Heart of the Matter – A few grains of truth about salt
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Including nuts and seeds in your diet is good for your heart and may even reduce your risk of cardiovascular disease, new research has suggested
Thursday 12 April, 2018
By June Shannon
The study, by an international team of researchers in the US and France, found that people who ate a large amount of meat had an increased risk of cardiovascular disease (CVD) while those who consumed large amounts of their protein from nuts and seeds reduced their risk.
The researchers examined data from more than 81,000 people in this study and it is one of the few times detailed sources of animal protein have been examined jointly with animal fat in a major investigation.
“While dietary fats are part of the story in affecting risk of cardiovascular disease, proteins may also have important and largely overlooked independent effects on risk,” said co-principal investigator Dr Gary Fraser, from Loma Linda University in the US.
He added that he and his colleagues had long suspected that including nuts and seeds in the diet protected against heart and vascular disease, while red meats increased risk.
This new evidence suggests that the full picture probably also involves the biological effects of proteins in these foods
Dr Fraser said that nutritionists had traditionally looked toward what he termed “bad fats” in meats and “helpful fats” in nuts and seeds as causal agents. However, these new findings suggest more.
“This new evidence suggests that the full picture probably also involves the biological effects of proteins in these foods,” he said.
He said the team’s research differed in another significant way from previous investigations. While prior studies have examined differences between animal and plant proteins, this study did not stop at just two categories, but chose to specify meat protein and proteins from nuts and seeds along with other major dietary sources.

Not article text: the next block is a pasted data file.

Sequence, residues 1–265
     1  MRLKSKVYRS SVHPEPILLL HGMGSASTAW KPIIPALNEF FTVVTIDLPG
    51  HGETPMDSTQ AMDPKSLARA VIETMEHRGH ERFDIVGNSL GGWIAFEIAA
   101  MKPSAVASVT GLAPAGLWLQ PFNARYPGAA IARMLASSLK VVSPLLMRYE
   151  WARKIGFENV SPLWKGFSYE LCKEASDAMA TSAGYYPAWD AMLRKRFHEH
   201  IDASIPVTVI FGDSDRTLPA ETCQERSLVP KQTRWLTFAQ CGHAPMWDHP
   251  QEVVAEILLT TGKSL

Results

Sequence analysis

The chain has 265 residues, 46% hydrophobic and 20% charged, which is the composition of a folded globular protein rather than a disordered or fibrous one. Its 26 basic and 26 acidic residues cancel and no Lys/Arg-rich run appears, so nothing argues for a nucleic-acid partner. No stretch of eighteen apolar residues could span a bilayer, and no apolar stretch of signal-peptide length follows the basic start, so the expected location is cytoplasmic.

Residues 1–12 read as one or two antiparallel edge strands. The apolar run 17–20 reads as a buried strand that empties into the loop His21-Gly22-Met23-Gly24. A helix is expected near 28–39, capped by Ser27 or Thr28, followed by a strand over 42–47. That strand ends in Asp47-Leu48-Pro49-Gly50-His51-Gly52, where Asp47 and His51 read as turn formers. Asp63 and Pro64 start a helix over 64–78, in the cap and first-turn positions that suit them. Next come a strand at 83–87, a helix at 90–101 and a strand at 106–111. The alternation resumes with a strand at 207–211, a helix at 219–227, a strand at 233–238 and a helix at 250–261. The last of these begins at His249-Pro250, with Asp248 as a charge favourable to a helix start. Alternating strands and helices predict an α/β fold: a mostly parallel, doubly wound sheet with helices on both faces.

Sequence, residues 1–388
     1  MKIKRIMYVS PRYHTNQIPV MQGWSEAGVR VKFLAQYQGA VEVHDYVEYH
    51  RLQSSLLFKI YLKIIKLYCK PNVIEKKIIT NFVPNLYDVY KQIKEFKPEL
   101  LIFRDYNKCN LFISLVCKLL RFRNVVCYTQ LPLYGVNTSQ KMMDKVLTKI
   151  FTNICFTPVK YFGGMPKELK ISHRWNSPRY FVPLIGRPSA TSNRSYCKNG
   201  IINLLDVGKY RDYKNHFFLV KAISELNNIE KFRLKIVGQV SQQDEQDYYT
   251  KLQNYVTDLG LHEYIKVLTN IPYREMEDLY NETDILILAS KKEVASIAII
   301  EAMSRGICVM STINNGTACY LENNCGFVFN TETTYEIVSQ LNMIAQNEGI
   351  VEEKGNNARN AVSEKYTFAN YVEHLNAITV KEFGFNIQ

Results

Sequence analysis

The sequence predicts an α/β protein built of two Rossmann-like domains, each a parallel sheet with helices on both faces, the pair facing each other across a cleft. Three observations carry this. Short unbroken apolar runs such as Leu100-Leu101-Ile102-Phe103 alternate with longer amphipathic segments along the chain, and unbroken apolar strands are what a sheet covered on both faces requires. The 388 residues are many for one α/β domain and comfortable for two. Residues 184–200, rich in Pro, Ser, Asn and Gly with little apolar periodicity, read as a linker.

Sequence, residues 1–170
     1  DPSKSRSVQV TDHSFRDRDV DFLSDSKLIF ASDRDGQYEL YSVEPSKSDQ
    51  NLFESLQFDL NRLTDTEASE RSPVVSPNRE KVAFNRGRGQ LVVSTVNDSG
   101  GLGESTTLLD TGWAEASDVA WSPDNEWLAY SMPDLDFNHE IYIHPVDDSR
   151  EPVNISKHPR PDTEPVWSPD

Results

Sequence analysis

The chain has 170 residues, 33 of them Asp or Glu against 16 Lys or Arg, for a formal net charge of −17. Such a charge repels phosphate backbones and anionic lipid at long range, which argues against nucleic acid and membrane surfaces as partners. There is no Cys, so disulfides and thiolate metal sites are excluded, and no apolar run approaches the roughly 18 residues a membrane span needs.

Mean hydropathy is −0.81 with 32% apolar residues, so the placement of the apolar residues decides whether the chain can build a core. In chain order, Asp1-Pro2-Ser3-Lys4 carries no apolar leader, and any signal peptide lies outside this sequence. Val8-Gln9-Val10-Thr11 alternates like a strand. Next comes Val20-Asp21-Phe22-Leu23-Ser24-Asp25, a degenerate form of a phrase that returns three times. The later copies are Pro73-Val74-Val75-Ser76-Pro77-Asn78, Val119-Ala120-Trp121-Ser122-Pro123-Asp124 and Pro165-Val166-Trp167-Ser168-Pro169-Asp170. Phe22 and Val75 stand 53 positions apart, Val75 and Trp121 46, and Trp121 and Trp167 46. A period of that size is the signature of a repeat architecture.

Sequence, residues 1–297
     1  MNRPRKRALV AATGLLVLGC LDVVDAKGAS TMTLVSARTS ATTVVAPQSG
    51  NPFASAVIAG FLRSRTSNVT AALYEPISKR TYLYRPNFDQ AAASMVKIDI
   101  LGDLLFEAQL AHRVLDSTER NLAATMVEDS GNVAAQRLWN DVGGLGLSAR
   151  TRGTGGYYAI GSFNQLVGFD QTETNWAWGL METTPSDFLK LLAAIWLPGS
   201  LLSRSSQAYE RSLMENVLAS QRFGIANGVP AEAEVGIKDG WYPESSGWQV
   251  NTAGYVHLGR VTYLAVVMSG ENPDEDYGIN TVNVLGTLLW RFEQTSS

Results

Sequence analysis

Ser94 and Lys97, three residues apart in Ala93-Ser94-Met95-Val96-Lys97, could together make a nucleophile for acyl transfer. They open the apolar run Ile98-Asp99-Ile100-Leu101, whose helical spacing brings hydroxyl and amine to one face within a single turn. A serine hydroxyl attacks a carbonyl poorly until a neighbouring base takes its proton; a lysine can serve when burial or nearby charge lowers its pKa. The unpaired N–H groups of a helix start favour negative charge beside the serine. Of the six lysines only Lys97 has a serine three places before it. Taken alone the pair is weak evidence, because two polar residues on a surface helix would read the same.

According to the researchers, the study leaves other questions open for further investigation, such as the particular amino acids in meat proteins that contribute to CVD and whether proteins from particular sources affect cardiac risk factors such as blood lipids, blood pressure and overweight, which are associated with CVD.
We don’t need to avoid meat as part of a balanced healthy diet
Commenting Sarah Noone, dietitian with the Irish Heart Foundation said that while protein was essential for a healthy diet, eating protein did not necessarily have to mean eating meat.
She also said there was growing evidence that replacing animal proteins (such as meat) with more plant-based proteins (pulses, nuts and grains) can benefit health.
“However, we don’t need to avoid meat as part of a balanced healthy diet, but it does encourage us to think about the source and how much we are consuming. Notably the food pyramid emphasises that plant- based foods such as fruit, vegetables and salad should make up the largest proportion of our diet or half our plates,” Sarah explained.
She added that switching some of the animal protein in our diets to protein-containing plants could translate to improvements in health as diets richer in plants were associated with lower risks of conditions such as obesity, heart disease and high blood pressure.
“However, simply removing meat from the diet isn’t a fast track to heart health. Many foods high in saturated fat, salt and sugar which we recommend to limit as part of a heart healthy diet will not be meat based options.”
“Whether you eat meat or not, diets linked to good heart health have lots of vegetables, fruit, salads, whole grains, pulses and oily fish, has modest amounts of oils, low fat dairy and meat and low intakes of foods high in fat, salt and sugar,” she concluded.
This study was published recently in the International Journal of Epidemiology.
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